The longing for the socialist dream comes in part from the great success of capitalism as an engine of prosperity. From the nineteenth century onwards, the entrepreneurial economy created prosperity on a scale that had never been seen before in history.The socialists, however, believed economic success would become even greater in a society of egalitarian redistribution.The socialists expect that under their rule, the economy would become more productive and society more just.
This illusion of obtaining prosperity and justice under socialism was already evident in the Communist Manifesto of 1848. In their pamphlet, Karl Marx and his sponsor Friedrich Engels enthusiastically praised capitalist achievements:
“The bourgeoisie,” they declared, “has been the first to show what man’s activity can bring about. It has accomplished wonders far surpassing Egyptian pyramids, Roman aqueducts, and Gothic cathedrals; it has conducted expeditions that put in the shade all former Exoduses of nations and crusades.”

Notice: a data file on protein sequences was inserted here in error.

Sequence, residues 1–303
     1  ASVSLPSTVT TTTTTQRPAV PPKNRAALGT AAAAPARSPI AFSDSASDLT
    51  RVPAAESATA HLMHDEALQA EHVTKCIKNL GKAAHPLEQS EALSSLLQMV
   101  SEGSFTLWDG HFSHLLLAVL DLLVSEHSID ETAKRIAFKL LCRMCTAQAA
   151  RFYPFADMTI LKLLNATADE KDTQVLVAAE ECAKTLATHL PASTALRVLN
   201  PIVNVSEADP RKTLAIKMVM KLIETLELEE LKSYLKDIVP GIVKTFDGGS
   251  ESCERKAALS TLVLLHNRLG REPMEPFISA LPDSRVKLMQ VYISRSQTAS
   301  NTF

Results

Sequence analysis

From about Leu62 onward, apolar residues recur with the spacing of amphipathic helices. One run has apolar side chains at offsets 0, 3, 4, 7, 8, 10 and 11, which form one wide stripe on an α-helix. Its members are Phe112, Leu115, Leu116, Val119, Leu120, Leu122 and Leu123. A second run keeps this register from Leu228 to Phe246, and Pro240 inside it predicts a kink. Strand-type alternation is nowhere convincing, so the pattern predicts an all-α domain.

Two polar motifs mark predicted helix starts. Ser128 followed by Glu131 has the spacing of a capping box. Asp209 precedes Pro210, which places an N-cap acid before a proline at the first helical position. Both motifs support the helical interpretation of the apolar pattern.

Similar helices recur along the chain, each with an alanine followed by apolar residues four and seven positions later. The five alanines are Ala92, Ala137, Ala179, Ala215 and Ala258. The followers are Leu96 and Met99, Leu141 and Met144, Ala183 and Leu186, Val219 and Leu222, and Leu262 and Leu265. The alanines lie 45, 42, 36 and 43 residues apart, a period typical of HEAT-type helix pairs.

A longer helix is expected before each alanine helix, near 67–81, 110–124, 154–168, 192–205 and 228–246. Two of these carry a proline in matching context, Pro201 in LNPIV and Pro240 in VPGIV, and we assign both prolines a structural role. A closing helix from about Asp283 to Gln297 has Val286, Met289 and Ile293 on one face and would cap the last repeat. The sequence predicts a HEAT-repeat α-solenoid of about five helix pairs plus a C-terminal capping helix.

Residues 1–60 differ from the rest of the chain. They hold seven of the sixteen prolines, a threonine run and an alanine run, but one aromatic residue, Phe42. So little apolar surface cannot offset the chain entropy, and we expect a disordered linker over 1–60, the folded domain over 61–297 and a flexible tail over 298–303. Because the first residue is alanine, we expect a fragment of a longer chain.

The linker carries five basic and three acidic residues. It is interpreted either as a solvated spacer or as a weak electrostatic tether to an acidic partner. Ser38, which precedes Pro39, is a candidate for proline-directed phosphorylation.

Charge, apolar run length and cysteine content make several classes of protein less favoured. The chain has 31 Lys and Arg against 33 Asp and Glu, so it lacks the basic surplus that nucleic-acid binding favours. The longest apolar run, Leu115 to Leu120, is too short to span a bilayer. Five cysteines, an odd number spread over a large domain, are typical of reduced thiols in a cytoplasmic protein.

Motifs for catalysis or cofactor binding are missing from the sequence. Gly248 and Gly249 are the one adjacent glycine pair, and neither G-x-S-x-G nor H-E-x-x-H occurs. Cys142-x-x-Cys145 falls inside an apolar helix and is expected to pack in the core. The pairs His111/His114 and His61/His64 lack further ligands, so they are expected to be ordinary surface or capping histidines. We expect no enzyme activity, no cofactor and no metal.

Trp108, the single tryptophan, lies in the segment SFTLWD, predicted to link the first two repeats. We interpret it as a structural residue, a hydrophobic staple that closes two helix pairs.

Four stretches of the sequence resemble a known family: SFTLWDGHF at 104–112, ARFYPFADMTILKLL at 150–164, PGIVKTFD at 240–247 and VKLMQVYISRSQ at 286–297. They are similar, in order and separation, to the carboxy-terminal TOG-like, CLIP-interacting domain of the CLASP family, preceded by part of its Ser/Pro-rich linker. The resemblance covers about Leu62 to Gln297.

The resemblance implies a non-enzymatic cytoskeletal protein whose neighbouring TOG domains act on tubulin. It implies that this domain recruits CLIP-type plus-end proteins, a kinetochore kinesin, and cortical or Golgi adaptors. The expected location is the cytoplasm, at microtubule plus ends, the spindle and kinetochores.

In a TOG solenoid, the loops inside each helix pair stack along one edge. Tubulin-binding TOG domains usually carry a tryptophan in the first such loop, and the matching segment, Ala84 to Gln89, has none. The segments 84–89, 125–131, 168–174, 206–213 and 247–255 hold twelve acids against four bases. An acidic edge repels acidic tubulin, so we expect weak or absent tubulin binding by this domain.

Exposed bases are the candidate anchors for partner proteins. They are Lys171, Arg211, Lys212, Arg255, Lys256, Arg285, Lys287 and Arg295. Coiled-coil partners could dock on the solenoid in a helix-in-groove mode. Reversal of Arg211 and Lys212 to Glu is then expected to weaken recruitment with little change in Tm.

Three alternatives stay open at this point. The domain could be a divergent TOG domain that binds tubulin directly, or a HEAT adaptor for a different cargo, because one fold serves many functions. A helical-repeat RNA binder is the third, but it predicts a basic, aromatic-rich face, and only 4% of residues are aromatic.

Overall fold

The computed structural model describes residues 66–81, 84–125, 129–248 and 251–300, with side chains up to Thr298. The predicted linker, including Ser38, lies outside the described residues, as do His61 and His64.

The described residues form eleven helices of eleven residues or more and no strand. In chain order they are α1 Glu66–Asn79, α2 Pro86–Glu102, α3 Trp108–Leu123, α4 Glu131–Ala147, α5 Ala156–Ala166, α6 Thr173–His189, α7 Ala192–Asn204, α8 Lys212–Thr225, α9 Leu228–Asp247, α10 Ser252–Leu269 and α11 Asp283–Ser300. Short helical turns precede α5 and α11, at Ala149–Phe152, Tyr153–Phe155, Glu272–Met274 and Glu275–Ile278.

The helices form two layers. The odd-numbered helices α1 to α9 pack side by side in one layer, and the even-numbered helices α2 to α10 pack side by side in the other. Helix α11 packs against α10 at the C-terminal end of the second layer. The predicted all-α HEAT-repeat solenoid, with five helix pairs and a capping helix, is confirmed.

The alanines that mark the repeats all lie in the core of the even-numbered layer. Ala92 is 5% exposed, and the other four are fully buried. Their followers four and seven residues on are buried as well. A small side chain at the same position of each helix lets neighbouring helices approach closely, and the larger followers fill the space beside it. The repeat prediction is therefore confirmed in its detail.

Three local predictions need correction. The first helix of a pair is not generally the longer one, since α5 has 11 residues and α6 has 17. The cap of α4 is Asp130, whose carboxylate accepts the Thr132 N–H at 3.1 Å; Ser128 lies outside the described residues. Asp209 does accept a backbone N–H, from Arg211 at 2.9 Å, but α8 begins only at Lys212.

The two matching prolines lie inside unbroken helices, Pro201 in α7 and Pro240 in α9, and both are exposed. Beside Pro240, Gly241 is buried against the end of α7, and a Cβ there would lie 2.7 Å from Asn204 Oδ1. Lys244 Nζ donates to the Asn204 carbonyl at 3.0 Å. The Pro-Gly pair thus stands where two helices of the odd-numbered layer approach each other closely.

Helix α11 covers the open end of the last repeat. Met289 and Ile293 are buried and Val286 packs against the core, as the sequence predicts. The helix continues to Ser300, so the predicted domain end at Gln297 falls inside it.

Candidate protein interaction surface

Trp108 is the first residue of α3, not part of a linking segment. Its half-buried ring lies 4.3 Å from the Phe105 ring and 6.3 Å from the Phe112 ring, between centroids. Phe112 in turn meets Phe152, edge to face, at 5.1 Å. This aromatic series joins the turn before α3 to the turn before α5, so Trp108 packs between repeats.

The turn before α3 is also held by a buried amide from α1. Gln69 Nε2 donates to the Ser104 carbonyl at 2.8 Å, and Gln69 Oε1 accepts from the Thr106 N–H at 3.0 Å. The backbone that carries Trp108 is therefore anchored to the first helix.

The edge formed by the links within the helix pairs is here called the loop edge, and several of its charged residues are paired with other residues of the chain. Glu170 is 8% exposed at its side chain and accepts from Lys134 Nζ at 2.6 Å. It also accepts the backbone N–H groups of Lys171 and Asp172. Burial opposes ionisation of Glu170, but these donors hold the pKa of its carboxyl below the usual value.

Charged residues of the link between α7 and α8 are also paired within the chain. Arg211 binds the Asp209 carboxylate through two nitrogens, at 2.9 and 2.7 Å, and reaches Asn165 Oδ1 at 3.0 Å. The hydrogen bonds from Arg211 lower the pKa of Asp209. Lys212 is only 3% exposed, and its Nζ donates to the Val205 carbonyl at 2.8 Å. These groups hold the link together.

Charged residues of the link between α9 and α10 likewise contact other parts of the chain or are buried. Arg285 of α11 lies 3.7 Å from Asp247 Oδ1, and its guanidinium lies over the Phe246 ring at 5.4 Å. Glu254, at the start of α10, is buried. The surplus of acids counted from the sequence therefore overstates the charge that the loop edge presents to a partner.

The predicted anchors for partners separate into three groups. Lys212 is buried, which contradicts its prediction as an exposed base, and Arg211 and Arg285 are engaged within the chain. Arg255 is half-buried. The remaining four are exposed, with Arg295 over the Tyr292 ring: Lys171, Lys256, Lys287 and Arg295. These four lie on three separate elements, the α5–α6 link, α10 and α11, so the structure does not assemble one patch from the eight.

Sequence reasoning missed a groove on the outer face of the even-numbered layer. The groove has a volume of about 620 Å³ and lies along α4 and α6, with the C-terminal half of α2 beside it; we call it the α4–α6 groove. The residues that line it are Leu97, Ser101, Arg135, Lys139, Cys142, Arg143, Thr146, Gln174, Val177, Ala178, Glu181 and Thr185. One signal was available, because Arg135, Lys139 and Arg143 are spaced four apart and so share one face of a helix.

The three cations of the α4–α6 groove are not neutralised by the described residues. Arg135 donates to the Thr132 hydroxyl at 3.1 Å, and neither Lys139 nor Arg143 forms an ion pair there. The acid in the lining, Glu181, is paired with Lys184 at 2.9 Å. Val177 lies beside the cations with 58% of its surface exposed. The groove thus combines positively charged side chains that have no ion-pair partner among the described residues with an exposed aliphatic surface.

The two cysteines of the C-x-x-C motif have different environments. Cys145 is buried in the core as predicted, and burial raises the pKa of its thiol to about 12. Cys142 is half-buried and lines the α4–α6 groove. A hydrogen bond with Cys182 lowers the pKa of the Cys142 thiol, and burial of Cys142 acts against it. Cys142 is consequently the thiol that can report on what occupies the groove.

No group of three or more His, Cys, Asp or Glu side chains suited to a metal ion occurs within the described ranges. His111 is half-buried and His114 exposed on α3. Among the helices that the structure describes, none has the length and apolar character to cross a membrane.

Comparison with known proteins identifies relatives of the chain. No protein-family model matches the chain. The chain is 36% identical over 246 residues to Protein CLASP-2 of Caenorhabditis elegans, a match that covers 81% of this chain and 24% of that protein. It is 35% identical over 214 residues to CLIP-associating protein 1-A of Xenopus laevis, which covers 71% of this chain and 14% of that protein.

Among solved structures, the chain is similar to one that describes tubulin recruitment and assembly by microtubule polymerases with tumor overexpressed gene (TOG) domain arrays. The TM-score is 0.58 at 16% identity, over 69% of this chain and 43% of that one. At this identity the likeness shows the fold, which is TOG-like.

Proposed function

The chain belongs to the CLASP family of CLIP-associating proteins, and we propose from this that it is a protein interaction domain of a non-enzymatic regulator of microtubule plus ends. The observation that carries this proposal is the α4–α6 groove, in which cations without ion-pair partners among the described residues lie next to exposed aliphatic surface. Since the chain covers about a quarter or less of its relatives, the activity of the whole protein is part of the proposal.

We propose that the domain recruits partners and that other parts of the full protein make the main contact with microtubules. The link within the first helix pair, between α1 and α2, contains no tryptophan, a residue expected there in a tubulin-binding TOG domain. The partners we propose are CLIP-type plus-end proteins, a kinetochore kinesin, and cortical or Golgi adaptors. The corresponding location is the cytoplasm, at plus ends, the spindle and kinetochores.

During its rule, the bourgeoisie
has created more massive and more colossal productive forces than have all preceding generations together. Subjection of Nature’s forces to man, machinery, application of chemistry to industry and agriculture, steam-navigation, railways, electric telegraphs, clearing of whole continents for cultivation, canalization of rivers, whole populations conjured out of the ground – what earlier century had even a presentiment that such productive forces slumbered in the lap of social labor?